- By Thomas E. RicksThomas E. Ricks covered the U.S. military from 1991 to 2008 for the Wall Street Journal and then the Washington Post. He can be reached at email@example.com.
Best Defense is in summer reruns. This item originally appeared on June 22, 2015.
During the bloody battle of Okinawa, late in World War II, Army Lt. Gen. Simon B. Buckner Jr., saw a Marine unit flying the Confederate flag over a position. Buckner, himself the son of a Confederate general, ordered it taken down. “Americans from all over are involved in this battle,” he said.
And he wasn’t the son of just any Confederate general. His father, Gen. Simon Bolivar Buckner Sr., was the officer who was defeated by U.S. Grant at Fort Donelson, Tenn., in February 1862. That action led to Grant’s nickname, “Unconditional Surrender.” But the two generals got over their problems and Buckner Sr. was a pallbearer at Grant’s funeral.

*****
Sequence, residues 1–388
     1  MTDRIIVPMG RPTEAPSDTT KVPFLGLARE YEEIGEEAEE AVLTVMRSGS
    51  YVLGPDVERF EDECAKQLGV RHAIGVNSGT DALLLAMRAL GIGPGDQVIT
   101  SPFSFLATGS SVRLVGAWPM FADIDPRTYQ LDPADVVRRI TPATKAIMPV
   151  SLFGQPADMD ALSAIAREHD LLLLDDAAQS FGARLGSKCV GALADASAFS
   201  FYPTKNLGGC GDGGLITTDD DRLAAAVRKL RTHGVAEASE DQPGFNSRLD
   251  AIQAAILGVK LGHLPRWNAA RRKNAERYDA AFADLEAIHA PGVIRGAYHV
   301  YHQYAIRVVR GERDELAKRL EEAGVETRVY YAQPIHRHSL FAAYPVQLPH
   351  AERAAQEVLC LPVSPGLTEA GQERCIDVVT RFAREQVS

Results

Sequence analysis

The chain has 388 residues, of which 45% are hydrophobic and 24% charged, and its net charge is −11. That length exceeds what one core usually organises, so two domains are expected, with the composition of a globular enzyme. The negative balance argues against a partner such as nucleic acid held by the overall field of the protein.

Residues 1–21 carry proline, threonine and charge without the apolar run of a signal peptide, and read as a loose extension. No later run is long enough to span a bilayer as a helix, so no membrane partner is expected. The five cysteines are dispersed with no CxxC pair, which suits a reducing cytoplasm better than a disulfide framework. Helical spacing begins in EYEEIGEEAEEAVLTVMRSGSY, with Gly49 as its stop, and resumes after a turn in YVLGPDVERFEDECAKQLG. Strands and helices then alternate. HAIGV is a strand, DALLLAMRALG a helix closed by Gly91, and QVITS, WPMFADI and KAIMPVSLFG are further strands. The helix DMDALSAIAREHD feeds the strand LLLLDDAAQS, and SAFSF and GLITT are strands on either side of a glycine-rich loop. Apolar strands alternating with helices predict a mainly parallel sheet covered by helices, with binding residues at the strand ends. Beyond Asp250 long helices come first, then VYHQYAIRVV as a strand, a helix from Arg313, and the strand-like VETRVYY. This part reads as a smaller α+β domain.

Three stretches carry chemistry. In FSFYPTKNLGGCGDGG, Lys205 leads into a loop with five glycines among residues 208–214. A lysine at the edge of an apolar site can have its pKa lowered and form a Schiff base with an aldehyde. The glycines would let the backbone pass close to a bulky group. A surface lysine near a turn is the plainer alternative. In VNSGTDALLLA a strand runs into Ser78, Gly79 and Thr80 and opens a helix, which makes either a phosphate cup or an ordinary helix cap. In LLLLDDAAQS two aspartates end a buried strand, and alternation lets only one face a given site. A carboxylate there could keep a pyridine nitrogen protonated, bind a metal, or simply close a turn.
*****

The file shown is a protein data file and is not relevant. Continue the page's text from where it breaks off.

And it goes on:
If a Confederate general and his son could find this sort of reconciliation and understanding, why is it so hard for some Americans to do so now?
Maybe we can make some good result from that horrible South Carolina shooting. Taking down the Confederate flag would be an appropriate memorial.
I know that flag means something to many white Southerners. But it means something very different to many black Americans, and to many others, such as myself. I see it as a symbol of slavery, of hundreds of years of racist oppression. And I see its display now and in recent decades as an attempt to deny the gains of the Civil Rights movement. Why would anyone want to uphold a symbol that insults millions of their fellow citizens?